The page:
Sen. John Fetterman hospitalized after feeling lightheaded

WASHINGTON (AP) — U.S. Sen. John Fetterman, the Pennsylvania Democrat who suffered a stroke during his campaign last year, was hospitalized Wednesday night after feeling lightheaded while attending a Senate Democratic retreat, his office said. Initial tests at George Washington University Hospital did not show evidence of a new stroke, Fetterman’s communications director, Joe Calvello, […]
24 hours ago
This photo taken with a drone shows portions of a Norfolk Southern freight train that derailed Frid...
Associated Press

Fiery Ohio derailment raises railroad safety questions

OMAHA, Neb. (AP) — The fiery derailment of a train carrying toxic chemicals when it went off the tracks — sending a huge plume of smoke in the air and forcing residents of a small Ohio town to evacuate — has highlighted the potentially disastrous consequences of train accidents and raised questions about railroad safety. […]
24 hours ago
FILE - President Joe Biden delivers the State of the Union address to a joint session of Congress a...
Associated Press

Biden’s oil comments spark debate over energy production

WASHINGTON (AP) — President Joe Biden sparked a firestorm in energy circles when he said in Tuesday’s State of the Union address that the United States will need oil “for at least another decade.´´ Republicans in the House chamber laughed in derision at Biden’s off-the-cuff remark, which was not in his scripted speech. GOP lawmakers […]
24 hours ago
Kailani Taylor-Cribb walks through her neighborhood in Asheville, N.C., on Tuesday, Jan. 31, 2023. ...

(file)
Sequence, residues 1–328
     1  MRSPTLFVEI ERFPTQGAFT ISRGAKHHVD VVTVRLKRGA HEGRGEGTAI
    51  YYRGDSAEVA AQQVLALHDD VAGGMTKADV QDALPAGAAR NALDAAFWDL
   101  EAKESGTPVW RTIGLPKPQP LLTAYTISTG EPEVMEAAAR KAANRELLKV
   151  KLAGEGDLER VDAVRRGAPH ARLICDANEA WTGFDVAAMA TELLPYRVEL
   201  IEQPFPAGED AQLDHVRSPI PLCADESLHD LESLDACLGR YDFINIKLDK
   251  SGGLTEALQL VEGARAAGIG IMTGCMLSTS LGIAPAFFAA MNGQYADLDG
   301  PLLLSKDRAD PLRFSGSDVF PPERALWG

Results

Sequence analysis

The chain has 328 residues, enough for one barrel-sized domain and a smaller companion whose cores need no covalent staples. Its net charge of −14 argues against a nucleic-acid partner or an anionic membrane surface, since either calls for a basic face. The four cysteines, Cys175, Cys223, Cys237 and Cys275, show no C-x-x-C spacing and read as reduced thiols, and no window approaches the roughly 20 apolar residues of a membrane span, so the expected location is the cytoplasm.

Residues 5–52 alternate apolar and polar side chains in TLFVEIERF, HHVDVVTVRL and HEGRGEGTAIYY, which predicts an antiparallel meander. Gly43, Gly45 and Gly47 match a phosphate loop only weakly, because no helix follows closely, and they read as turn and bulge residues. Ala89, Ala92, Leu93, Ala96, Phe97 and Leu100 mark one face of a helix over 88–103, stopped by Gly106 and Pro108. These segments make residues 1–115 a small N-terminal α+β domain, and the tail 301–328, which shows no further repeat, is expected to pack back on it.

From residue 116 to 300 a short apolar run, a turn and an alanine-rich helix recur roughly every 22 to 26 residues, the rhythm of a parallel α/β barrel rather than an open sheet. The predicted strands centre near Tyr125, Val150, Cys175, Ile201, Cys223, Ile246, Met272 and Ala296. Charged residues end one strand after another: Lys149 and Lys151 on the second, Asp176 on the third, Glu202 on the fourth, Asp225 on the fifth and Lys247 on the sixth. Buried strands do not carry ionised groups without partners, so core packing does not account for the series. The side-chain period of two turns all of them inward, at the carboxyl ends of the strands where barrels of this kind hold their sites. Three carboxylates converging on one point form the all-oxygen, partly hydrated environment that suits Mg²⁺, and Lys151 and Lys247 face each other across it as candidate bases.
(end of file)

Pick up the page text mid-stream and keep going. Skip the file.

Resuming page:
Associated Press

The pandemic missing: The kids who didn’t go back to school

She’d be a senior right now, preparing for graduation in a few months, probably leading her school’s modern dance troupe and taking art classes. Instead, Kailani Taylor-Cribb hasn’t taken a single class in what used to be her high school since the height of the coronavirus pandemic. She vanished from Cambridge, Massachusetts’ public school roll […]
24 hours ago

Sponsored Articles

...
Quantum Fiber

Stream 4K and more with powerful, high-speed fiber internet

Picking which streaming services to subscribe to are difficult choices, and there is no room for internet that cannot handle increased demands.
...
Quantum Fiber

How high-speed fiber internet can improve everyday life

Quantum Fiber supplies unlimited data with speeds up to 940 mbps, enough to share 4K videos with coworkers 20 times faster than a cable.
...
Children’s Cancer Network

Children’s Cancer Network celebrates cancer-fighting superheroes, raises funds during September’s Childhood Cancer Awareness Month

Jace Hyduchak was like most other kids in his kindergarten class: He loved to play basketball, dress up like his favorite superheroes and jump as high as his pint-sized body would take him on his backyard trampoline.
Exacerbated by pandemic, child care crisis hampers economy